Those who take this literally accept worms that will not die in the flames, which will continuously gnaw at the flesh of hell's inhabitants without consuming them. Look at the words again. When Jesus speaks about the "fire," He says the fire is never quenched. But when He speaks of the worm, He does not say "the worm does not die." But rather, in all three places in this chapter, He says "their worm." Unlike the fire, which torment all who are in the Lake of Fire, the worm is peculiar, or unique, to each individual. It seems to be something that came to hell with them.
Many that take the image of their worm figuratively, believe that by taking how the word "worm" is used elsewhere in the Bible, it is speaking of a person's conscience. For them, the worm has to do with a person's remorse over their failure to do what was necessary to avoid hell. Whether the worm has reference to a person's conscience, I cannot say for certain.
We do know that a person's conscience will be active in hell. We touched on that earlier when we mentioned that a person in hell will be able to remember. Allow me to make a few more comments about one's conscience in hell.
We know that a conscience exercises a powerful influence on one's emotions either negatively or positively. Even in the most traumatic of situations, a clear conscience can be the source of tremendous peace, strength and resolve. When Paul was defending himself against false accusers, Paul was able to claim, "I strive always to keep my conscience clear before God and man." (Acts 24:16)
When William Penn (1644 - 1718) was imprisoned in the Tower of London, he was reported to have said:
"My prison shall be my grave before I will budge a jot, for I owe my conscience to no man. Right is right even if everyone is against it; and wrong is wrong, even if everyone is for it."
An English proverb says: "A quiet conscience sleeps in thunder." William Penn found that to be true.
On the other hand, however, a guilty conscience has the opposite effect. It nags and gnaws at the mind, blurring one's judgment and cripples initiative. In Shakespeare's Richard III, the king, nearly paralyzed with guilt, cried out,
My conscience has a thousand several tongues.
And every tongue brings in several tale,
And every tale condemns me for a villain.
Yet, however severe the pangs of conscience can be on earth, they are infinitely greater in hell. The sinner in hell will have a capacity for suffering far beyond any they had on earth, and quite possibly, the conscience they take with them will be their worst tormentor. Nor will there be any way to silence it.
John Flavel wrote in the 17th century:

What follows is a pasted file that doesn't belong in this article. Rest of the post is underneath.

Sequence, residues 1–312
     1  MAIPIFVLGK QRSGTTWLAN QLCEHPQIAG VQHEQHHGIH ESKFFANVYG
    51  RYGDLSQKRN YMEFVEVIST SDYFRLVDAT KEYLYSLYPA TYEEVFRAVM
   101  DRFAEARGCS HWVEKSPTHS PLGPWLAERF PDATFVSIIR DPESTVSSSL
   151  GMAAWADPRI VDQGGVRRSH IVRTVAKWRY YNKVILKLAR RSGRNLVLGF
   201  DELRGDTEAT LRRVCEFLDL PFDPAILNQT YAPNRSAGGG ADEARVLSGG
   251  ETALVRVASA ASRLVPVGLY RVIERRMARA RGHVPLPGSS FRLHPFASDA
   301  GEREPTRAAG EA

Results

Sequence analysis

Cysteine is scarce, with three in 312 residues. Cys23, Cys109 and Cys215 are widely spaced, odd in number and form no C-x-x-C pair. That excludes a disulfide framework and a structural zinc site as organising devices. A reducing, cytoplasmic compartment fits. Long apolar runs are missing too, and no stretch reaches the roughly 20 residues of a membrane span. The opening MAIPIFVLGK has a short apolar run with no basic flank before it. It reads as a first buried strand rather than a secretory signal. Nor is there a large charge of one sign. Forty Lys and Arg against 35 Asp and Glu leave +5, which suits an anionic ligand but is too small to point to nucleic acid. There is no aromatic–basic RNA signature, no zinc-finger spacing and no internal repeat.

"Conscience, which should have been the sinner's curb on earth, becomes the whip that must lash his soul in hell………that which was the seat and center of all guilt, now becomes the seat and center of all torments."
In hell, a person's conscience will make the sinner acutely aware that he deliberately, freely, and gladly chose the path that led him to hell. And if this were not horrifying enough, this torment will go on uninterrupted. They will have no rest or peace day and night.
THE SINNER'S COMPANY IN HELL
When Irvin S. Cobb, the internationally famous humorist and writer, died in March of 1944, he referred to Heaven as "a powerfully dull place, populated to a considerable and uncomfortable degree by prigs, time servers and unpleasantly aggressive individuals." Then he added, "Hell may have a worse climate but undoubtedly the company is sprightlier."
Every once in a while I hear someone say, "I want to go to hell because all my friends have gone or are going to be there." I have news for you, they will not want you there with them.
The Rich man asked Abraham to send Lazarus back to talk to his brothers, so they would not have to come to a place like this. The prophet Daniel describes hell as a place of eternal "contempt." (Daniel 12:2) Every person in hell will be despised and held in contempt by every other person there. As one writer has put it: "Sinners in hell will have company but no sympathy."
Just who is going to be in hell?
1. The devil and his demons. Hell was originally created for them (Matthew 25:41)
2. Those who do not obey the gospel (2 Thessalonians 1:8-9
3. The cowardly, unbelieving, abominable, murderers, sexually immoral, sorcerers, idolaters, and all liars (Revelation 21:8)
4. The unjust (2 Peter 2:9)
5. Those who sin willfully (Hebrews 10:26-27)
6. Those who practice the works of the flesh (Galatians 5:19-21)
7. Those who forget God (Psalm 9:17)